Ron Leach

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Ron Leach Posted: May 21, 2012 1 comments
There’s a little company in Tuscon, Arizona that is literally working on some giant ideas—like a digital camera with so much dynamic range it can capture both the sun and the stars in broad daylight!

Spectral Instruments has built a 20-year reputation as a premier provider of cooled, high-end CCD-based camera systems for scientific imaging applications from astronomy to pre-clinical drug discovery. This new project, the “1110 Series,” involves a camera with a 112-megapixel, black-and-white sensor without a Bayer mask or filter of any type that could “detract from the overall image sharpness.”

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Ron Leach Posted: Apr 16, 2012 0 comments
Jack Robinson was a prominent American photographer throughout the 1950s and 1960s when his career was cut short by a drinking problem and he faded into obscurity—until a former boss visited Robinson’s apartment and discovered a veritable treasure trove of iconic images.
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Ron Leach Posted: Mar 19, 2012 0 comments
The Future of Photography Museum Amsterdam (FOAM) recently celebrated its 10th anniversary with an exhibit and series of activities reflecting upon the future of our craft. The organization’s mission is to enable people throughout the world to experience and enjoy photography—whether it's at their museum in Amsterdam, on their website (www.foam.org), or via their internationally distributed magazine.
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Ron Leach Posted: Feb 21, 2012 0 comments
Some of the most haunting images of our time are those made in areas of armed conflict. Among the earliest war photographs were those taken by an anonymous American who made a series of daguerreotypes in 1847 during the Mexican-American War.
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Ron Leach Posted: Jan 24, 2012 2 comments
Like many photographers, I grew up beholden to the great color palette and brilliant results of Kodachrome 25 and the easily pushable, low-light capabilities of Kodak Tri-X black-and-white film. These iconic products are but two of Kodak’s remarkable achievements that come to mind as we ponder the recent Chapter 11 filing of the company that invented the hand-held camera and was one of the world’s most notable brands for over a century.
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Ron Leach Posted: Dec 21, 2011 0 comments
Three prominent industry organizations have just launched a comprehensive and long-needed campaign to permanently embed standardized metadata and copyright-status information in digital files. The program is intended to benefit those who create, as well as use, digital photos, text, audio and video files.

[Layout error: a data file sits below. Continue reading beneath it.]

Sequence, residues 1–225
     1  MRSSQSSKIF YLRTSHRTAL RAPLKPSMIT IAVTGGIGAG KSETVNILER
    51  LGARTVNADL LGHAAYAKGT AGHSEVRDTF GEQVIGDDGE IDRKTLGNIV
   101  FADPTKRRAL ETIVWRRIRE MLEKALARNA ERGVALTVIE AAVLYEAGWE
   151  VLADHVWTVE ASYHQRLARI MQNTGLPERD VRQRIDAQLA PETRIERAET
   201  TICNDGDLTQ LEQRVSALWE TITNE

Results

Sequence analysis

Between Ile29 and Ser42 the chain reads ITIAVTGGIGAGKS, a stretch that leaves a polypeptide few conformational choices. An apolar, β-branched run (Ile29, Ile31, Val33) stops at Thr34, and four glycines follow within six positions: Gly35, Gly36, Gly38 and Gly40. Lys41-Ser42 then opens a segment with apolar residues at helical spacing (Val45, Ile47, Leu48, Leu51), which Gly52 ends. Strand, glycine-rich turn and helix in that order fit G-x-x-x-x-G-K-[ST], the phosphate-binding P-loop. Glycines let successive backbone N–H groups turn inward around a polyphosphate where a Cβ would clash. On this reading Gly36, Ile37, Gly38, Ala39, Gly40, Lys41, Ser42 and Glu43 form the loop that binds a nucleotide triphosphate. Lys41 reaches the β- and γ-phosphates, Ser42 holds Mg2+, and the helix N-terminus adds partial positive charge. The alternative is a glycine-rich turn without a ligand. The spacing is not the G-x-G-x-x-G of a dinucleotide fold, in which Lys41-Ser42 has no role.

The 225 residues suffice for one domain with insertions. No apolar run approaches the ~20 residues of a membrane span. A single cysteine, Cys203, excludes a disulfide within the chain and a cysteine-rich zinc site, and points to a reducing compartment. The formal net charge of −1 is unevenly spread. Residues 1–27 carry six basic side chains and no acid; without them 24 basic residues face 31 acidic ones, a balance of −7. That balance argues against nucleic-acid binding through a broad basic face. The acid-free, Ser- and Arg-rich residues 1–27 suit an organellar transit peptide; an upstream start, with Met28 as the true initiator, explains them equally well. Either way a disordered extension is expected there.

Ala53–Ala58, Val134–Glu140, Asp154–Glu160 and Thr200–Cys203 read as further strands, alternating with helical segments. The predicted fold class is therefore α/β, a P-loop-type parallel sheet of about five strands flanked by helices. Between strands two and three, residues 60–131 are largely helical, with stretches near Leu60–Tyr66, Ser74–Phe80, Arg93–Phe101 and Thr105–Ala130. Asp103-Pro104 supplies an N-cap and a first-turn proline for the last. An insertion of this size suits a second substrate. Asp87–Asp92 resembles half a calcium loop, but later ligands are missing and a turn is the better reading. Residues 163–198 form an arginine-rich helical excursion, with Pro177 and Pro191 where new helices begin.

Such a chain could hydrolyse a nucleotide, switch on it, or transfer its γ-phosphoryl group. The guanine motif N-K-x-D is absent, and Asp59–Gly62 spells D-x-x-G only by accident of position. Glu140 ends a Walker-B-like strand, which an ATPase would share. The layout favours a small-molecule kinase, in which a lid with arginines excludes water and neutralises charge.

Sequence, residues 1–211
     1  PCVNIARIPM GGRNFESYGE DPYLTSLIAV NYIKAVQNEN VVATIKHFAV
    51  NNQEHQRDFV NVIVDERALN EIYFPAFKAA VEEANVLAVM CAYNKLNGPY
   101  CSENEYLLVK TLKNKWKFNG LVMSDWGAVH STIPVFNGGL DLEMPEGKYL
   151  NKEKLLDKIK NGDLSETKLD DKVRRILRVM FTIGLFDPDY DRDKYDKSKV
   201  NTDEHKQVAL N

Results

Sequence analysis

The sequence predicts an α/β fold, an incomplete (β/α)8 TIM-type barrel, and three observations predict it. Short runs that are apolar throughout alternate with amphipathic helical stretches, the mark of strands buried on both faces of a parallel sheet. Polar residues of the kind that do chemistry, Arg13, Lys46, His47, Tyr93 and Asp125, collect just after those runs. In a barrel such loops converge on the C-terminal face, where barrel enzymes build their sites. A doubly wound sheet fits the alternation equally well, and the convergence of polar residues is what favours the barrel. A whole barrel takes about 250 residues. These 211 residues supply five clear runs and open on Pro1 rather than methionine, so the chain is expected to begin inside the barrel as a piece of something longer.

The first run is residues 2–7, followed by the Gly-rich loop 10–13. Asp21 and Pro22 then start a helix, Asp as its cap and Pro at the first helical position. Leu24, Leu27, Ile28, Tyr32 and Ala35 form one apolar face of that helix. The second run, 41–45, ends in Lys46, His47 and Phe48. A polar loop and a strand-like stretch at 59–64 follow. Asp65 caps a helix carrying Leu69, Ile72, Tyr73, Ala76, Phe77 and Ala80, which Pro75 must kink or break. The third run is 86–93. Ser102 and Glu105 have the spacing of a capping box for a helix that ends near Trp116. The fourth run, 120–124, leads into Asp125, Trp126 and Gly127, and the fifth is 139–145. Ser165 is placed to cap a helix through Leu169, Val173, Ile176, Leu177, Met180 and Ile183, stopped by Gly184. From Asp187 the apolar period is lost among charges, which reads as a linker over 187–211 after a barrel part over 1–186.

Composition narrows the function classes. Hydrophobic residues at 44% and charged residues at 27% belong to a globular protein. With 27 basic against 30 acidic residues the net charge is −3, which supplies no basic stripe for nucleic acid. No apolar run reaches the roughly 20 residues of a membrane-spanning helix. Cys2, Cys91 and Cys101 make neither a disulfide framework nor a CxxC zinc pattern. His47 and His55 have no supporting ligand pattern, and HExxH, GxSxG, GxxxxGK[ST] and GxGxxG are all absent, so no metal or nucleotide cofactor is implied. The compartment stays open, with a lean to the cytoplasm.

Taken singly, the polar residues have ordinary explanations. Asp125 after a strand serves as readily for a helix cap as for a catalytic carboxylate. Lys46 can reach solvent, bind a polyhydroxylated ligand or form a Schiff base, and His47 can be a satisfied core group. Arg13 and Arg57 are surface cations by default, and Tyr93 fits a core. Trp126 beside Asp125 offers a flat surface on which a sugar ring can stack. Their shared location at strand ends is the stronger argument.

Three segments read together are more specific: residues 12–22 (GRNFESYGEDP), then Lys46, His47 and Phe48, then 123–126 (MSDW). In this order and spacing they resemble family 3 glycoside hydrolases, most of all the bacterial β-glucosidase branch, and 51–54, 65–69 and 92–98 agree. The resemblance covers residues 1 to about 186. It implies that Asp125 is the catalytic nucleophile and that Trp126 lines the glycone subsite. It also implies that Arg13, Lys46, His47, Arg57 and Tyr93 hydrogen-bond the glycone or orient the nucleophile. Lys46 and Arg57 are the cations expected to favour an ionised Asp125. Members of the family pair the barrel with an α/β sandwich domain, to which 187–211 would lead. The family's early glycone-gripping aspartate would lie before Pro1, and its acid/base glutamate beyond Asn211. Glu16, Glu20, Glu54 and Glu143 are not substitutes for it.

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Ron Leach Posted: Nov 16, 2011 0 comments
When industry mavens get together to ponder the future of photography, all too often the discussion centers around megapixels, file formats, sensor configurations, optical design, storage options, and other technical minutiae. Of course there’s nothing wrong with those prognostications, particularly since many of us are techno-nerds. It’s also true that sophisticated tools undoubtedly play an important role in a photographers results.
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Ron Leach Posted: Oct 17, 2011 0 comments
A “great” photograph isn’t necessarily a beautiful photograph. In fact, some of history’s most compelling images have been those that made a statement about contemporary culture or motivated people to support a cause. These days, the power of photography to instigate social change is perhaps most evident in documentary images of public protests here and abroad.

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Ron Leach Posted: Sep 20, 2011 1 comments
Ever since early man scrawled his thoughts and experiences on the inside of a cave, “journalists” have helped inform the public and shape the course of society. And never has the role of the reporter been more important than it is in today’s complicated, fast-paced world. While the Internet has opened the floodgates of news and information, it has also transformed how reporters, photojournalists and news organizations go about their business.
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Ron Leach Posted: Aug 17, 2011 24 comments
It’s been quite some time since advancing technology finally took the teeth out of the old film-versus-digital debate, as most amateur and professional photographers have long-since switched to digital point-and-shoot and DSLR cameras. That said, there still are a few diehard silver halide devotees, and we’ve even seen some new films introduced in recent years.

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